End-of-Life Decision Factors: Don’t Forget Your Doctor’s Religiosity

The doors we open and close each day decide the lives we live. ~Flora Whittemore

We spend our lives making decisions that will impact the rest of our days on this earth. We pick a career, select a mate, decide to have children and how many, make lifestyle choices that effect our health,  move away from family, take in–or decide not to–ailing relatives, switch our careers. Our time here is defined by these ‘doors we open and close.’

And then, if faced with a terminal illness, we often come to have another decision, one that will no longer decide the life we’ll live, but rather the death we’ll face.

End-of-life choices are complex and painful, and many factors play into our final decision. But if we’re listing all the factors, I’ve got one that we wouldn’t have counted as part of our thought process.

Ready for my surprise factor?

Turns out the religiosity of the treating doctor may play a significant role in our end-of-life decisions.

Clive Seale of Queen Mary, University of London, ran a postal survey of 2923 English doctors, asking about their care of the last patient who died under their watch.

And what should he find, but that doctors who reported themselves as ‘very’ or ‘extremely’ non-religious reported

  • Greater likelihood of having had discussions about treatments that would shorten life
  • Higher rates of usage of continuous deep sedation
  • Having more frequently made decisions involving some intention to hasten death, and
  • A greater likelihood of supporting legalizing euthanasia.

In fact, these doctors were almost twice as willing to make decisions that might hasten death, when compared with their religious counterparts.

In stark contrast, doctors who reported themselves as religious were signficantly less likely to discuss end-of-life care decisions with their patients at all.

Seale’s results did not come out of a vacuum.

In 2004, Niel S. Wenger from UCLA School of Medicine and Sara Carmel, from the Center for Multidisciplinary Research in Aging  Head in the Department of Sociology of Health and Gerontology  at Ben-Gurion University in Israel, controlled for the variable of religion, in studying only Israeli Jewish doctors at four hospitals in Israel.

When the question arose about withdrawing sustaining treatment, a gap opened between religious and non-religious doctors:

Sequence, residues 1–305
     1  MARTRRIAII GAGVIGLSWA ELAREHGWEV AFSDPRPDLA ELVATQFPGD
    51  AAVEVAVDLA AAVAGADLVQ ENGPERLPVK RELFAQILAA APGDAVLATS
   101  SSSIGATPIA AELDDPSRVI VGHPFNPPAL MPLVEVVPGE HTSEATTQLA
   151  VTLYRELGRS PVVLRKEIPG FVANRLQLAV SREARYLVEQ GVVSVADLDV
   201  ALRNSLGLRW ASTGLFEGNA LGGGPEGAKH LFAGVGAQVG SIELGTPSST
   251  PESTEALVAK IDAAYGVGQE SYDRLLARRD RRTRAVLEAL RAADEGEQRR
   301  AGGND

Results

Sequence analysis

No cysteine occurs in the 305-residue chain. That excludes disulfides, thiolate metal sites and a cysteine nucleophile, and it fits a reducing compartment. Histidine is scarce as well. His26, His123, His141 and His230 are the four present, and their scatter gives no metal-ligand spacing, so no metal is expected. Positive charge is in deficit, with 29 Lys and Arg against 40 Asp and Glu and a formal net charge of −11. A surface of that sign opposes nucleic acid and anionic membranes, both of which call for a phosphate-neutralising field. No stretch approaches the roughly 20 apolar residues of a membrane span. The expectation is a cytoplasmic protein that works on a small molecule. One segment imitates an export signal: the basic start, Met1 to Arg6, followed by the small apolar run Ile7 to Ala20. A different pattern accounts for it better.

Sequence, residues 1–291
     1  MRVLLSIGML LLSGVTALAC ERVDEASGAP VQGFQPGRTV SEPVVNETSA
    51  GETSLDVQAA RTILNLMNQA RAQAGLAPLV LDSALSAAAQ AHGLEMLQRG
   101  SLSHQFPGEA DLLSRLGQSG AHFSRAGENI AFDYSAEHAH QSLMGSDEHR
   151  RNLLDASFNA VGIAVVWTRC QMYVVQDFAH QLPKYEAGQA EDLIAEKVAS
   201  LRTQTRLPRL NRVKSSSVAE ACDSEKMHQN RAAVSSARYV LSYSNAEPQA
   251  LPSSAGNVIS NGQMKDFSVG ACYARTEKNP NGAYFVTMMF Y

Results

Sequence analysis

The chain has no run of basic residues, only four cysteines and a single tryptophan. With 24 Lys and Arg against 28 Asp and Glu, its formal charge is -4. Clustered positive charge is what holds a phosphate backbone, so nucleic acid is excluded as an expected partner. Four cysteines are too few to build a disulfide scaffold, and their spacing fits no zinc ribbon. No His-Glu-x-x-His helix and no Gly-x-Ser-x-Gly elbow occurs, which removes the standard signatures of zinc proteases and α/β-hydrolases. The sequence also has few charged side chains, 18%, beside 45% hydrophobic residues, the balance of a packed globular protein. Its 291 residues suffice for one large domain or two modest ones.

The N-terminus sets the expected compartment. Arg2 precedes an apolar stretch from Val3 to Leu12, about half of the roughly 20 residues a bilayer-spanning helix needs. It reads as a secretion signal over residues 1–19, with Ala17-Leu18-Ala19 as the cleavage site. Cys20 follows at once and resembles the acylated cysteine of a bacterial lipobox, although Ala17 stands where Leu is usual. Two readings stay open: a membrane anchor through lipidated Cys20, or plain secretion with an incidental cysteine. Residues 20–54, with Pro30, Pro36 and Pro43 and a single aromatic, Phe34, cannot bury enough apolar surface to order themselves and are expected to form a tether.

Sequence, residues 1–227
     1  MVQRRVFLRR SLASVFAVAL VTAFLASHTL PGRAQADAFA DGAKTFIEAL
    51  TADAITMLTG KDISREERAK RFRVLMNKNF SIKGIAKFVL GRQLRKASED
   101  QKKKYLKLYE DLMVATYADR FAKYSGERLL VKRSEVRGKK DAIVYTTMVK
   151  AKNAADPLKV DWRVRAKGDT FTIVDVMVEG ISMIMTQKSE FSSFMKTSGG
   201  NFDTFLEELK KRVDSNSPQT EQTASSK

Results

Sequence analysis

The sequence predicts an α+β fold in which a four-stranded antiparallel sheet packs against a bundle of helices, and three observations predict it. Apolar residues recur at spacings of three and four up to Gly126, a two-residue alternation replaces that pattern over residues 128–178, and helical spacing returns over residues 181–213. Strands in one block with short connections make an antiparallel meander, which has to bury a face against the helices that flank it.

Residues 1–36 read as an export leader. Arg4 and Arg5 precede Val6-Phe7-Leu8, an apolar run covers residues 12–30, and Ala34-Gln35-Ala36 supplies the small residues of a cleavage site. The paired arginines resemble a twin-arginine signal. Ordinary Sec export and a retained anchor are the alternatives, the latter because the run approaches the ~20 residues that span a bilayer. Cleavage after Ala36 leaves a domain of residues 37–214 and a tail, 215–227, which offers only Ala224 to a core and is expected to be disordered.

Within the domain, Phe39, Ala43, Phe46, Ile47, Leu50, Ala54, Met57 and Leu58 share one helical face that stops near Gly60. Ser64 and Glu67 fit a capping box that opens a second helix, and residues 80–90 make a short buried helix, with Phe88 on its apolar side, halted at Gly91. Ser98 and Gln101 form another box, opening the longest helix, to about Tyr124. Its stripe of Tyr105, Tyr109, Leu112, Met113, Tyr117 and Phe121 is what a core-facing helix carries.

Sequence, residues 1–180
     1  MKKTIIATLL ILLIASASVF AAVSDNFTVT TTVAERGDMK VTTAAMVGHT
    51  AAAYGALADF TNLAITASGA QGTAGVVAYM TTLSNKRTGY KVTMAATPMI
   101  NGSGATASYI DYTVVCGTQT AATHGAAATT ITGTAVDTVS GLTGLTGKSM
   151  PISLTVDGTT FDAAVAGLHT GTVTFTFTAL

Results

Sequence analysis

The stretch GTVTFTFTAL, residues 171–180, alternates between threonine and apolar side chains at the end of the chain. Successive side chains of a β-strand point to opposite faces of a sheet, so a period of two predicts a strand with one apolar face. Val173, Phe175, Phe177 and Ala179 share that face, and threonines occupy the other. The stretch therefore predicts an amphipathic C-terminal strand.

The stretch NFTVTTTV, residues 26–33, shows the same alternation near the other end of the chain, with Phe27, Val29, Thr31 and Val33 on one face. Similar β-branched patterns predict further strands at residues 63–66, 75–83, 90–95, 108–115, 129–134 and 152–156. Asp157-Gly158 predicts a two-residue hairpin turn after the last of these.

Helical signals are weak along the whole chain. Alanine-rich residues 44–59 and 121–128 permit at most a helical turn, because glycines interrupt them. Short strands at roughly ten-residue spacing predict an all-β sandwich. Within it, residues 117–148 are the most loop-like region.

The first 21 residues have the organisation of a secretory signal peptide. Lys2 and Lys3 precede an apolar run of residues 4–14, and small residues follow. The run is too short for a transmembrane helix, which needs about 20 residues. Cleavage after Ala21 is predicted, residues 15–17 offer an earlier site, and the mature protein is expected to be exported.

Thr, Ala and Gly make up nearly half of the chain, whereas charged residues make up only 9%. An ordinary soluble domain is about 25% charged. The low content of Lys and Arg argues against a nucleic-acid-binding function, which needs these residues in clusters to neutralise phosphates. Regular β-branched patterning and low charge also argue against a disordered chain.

[V]ery religious physicians were less likely than moderately religious or secular physicians to agree that there are circumstances in which a life-sustaining treatment should be withdrawn (11% vs.36% vs. 51%, respectively…). Consistent with this view, very religious physicians were much less likely to report that they had withdrawn life-sustaining treatment from a patient.

The very religious were also less likely to prescribe pain meds that would hasten death (69% vs. 80% moderately religious vs. 85% for secular), or to approve of euthanasia (5% vs. 42% vs. 70%).

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Practices seem to boil down to this finding:

More religious physicians were more likely to report that their behavior in treating a terminally ill patient was influenced by their personal religious beliefs, the patient’s religious beliefs, and the belief that the physician has a duty to prolong life.

The question then arises: Does one’s end of life care depend on the happenstance event of the religiosity of the treating physician? And how can that be avoided?

Back to Dr. Seale, who wrote:

One potential response to the findings about the influence of religious faith is to suggest. . . that religious doctors disclose their moral objections to certain procedures to patients so that patients can choose other doctors if they wish.*

But really that begs the question of whose opinion is more ‘right’: the religious doctor’s or the non-religious one’s? Why should religious doctors be required to ‘out’ themselves, so to speak, as if the default option of what anyone would want is in the hands of a secular practitioner?

Seale himself seemed aware of the conflict. He added:

It is equally plausible to argue that nonreligious doctors should confess their predilections to their patients.*

What does seem clear, though, is that when it comes time for a person to make their final decision, and they’ve scrutinized their souls, looked deep into their hearts, consulted spouses, children, other loved ones–there’s still one factor they need to know will influence their decision, and it comes out of left field.

It’s the religious convictions of their doctor.

(*Both quotes taken from Neale’s article)


Neale T. Docs’ Religion Tied to End-of-Life Care at http://www.medpagetoday.com/PublicHealthPolicy/Ethics/21889

Seale C. The role of doctors’ religious faith and ethnicity in taking ethically controversial decisions during end-of-life care. Journal of Medical Ethics 2010; 36(11):677-682.

Wenger NS, Carmel S. Physicians’ religiosity and end-of-life care attitudes and behaviors. Mt. Sinai Journal of Medicine 2004; 71(5):335-43.


I help adults and adolescents through the particular struggles of our time: tension between couples, parenting frustration, blending new families, separation and divorce, (un)employment, cancer, and loss. When relationships come to an impasse, I use mediation techniques to try to ensure that each party will have his/her needs heard and accounted for in a dignified way. In addition to talking, listening, and reframing, I utilizes the tools of metaphor, active teaching, role-playing, visualization, and hypnotherapy.for families and businesses, as well as in cases of divorce.

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